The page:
Setting up your Business in the UK – What do you need to consider?

Britain is one of the world’s leading locations for global investment, thanks in part to its competitive tax regime, in particular low corporation tax. If you’re thinking of starting a business in the UK, here are some things you need to know.

When do I need to register my UK business?

An overseas company is required to register in the UK when it has a physical presence here, such as an office or factory. To register, you will need to submit an OS IN01 form to Companies House and pay the £20 registration fee.

What type of business should I set up?

The two main options are: an establishment or branch, which means you’re creating a branch of your overseas business; or a limited company or subsidiary, which means you have created a UK company. A limited company is legally separate from its overseas parent, whereas an establishment isn’t.

A limited company is legally separate from the people who own and run it; they are not legally responsible for the company’s debts and liabilities beyond the amount of capital they have invested. Generally, a limited company will require more admin and compliance time and costs than an establishment.

In both cases, your profits will be liable for UK corporation tax and you will have to file public accounts at Companies House – parent company accounts in the case of an establishment, and UK accounts in the case of a limited company.

A variation on the limited company theme is the limited liability partnership, where the partners personally pay income tax on the profits.

How much is UK corporation tax?

Corporation tax in the UK is 19 per cent for the tax year to March 31, 2019, for companies of all sizes. This will decrease to 17 per cent from April 2020.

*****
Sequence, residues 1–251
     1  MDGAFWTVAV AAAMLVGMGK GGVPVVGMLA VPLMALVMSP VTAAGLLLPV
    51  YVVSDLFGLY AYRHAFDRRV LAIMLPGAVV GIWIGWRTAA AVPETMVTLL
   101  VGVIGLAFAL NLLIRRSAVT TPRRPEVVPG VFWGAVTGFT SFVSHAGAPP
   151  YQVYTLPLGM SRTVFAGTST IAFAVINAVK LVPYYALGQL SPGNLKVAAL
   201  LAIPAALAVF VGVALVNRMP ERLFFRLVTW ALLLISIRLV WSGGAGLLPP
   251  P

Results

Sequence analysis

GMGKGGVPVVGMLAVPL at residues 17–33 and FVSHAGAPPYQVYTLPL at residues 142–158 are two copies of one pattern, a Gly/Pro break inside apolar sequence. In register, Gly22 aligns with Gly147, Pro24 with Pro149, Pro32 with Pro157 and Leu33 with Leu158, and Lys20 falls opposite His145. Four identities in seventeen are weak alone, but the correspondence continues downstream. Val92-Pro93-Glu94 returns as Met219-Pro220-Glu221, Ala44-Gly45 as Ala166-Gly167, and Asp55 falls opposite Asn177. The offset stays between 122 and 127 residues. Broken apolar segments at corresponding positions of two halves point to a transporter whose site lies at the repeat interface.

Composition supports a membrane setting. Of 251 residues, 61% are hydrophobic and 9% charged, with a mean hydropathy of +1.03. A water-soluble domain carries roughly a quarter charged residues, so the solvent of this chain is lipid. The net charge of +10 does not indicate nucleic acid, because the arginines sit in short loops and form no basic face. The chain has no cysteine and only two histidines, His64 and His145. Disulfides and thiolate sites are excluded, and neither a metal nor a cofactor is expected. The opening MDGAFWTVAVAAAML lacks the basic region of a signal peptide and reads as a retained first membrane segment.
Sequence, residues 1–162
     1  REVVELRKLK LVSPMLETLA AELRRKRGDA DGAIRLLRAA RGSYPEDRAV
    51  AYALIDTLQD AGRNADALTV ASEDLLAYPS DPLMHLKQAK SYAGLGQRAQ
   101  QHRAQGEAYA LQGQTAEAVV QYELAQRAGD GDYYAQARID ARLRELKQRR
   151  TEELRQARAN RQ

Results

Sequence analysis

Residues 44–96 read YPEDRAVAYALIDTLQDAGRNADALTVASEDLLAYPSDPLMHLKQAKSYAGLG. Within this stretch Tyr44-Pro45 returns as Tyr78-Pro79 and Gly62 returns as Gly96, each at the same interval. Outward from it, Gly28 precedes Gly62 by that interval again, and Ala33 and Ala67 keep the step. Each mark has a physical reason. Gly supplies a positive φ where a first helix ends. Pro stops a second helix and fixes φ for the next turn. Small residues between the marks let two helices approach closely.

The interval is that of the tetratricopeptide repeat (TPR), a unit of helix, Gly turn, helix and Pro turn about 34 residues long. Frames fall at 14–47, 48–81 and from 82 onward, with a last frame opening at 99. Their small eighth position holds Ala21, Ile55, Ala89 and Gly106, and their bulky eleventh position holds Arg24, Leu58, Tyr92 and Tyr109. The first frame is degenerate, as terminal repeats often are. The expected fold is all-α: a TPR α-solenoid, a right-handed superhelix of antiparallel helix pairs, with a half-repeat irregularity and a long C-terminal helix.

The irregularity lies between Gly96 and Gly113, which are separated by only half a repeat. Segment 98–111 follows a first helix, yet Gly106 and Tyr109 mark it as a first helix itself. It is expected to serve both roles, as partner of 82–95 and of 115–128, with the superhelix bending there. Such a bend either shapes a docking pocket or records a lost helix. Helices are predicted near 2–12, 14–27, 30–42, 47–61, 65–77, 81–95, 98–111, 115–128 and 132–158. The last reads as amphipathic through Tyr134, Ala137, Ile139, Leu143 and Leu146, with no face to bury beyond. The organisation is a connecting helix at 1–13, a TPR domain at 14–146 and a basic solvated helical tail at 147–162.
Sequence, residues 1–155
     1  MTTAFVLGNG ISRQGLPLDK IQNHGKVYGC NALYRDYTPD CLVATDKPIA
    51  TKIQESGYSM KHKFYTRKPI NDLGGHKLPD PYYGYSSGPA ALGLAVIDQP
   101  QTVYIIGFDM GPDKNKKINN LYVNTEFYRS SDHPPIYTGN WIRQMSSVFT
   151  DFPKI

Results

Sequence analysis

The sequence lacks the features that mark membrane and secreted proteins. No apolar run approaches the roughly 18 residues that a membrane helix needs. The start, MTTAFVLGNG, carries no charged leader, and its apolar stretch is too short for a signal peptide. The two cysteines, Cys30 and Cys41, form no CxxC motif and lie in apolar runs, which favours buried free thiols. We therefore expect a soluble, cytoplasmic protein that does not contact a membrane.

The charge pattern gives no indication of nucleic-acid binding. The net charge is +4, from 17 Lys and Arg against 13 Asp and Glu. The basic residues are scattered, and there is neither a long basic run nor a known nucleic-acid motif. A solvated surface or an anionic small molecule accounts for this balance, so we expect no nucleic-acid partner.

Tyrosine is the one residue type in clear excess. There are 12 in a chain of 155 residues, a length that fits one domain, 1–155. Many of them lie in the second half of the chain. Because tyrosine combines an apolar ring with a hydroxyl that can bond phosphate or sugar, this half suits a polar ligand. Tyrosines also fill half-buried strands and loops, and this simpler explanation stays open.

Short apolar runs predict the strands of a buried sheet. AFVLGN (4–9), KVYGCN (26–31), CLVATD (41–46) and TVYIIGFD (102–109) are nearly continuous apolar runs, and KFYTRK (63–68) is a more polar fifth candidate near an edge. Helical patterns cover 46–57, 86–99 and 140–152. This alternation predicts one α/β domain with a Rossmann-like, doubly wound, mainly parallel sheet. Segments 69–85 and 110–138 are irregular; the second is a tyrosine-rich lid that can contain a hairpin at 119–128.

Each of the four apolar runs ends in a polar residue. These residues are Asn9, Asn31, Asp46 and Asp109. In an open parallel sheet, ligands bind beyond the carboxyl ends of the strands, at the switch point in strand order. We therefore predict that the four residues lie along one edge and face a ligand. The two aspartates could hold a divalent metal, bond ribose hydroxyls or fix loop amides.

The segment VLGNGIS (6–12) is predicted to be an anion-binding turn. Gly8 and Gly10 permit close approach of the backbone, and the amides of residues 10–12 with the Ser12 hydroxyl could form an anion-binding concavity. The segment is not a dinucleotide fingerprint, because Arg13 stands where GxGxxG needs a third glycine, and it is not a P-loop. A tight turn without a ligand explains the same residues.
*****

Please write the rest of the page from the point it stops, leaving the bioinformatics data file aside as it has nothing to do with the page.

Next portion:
Transfer pricing

The UK follows internationally recognised rules on transfer pricing (the prices charged in transactions between two parties). These state that cross-border trade and financial transactions between affiliated entities have to be conducted on an arm’s length basis – meaning the prices and terms should be the same as if the transactions were between independent parties.

Small and medium-sized businesses – those with no more than 250 employees, and either an annual turnover of less than €50 million or a balance sheet total of less than €43 million – are generally exempt from these rules.

How much is income tax in the UK?

The first £11,850 you earn every year in the UK is exempt from tax. You’ll pay tax on your earnings above this amount as follows:

Up to £34,500: 20 per cent

Between £34,501 to £150,000: 40 per cent

More than £150,000: 45 per cent

Both the employee and the employer also have to make UK national insurance (social security) contributions on the employee’s earnings above £8,424.

For the employee, this is 12 per cent of everything you earn over this amount, and 2 per cent of everything you earn over £46,384. For the employer, it’s 13.8 per cent of all the employee’s earnings over £8,424.

It is the employer’s responsibility to pay employees’ PAYE tax and national insurance contributions.

The UK has a reciprocal agreement with the USA, EU countries and many others, under which nationals of those countries who are seconded to the UK and continue to pay social security in their home country do not pay UK national insurance.

And that’s just the tip of the iceberg – there’s plenty more you’ll need to know when you set up a business in the UK, and it’s our experience that it’s a good idea for anyone doing so to get professional advice. Our three specialist financial advisors and tax accountants in this area – Charlie Goss, Chris Page and David Page – have almost three decades of experience between them and can tackle anything you throw at them. Just give them a call at our Kent office on 01580 313108.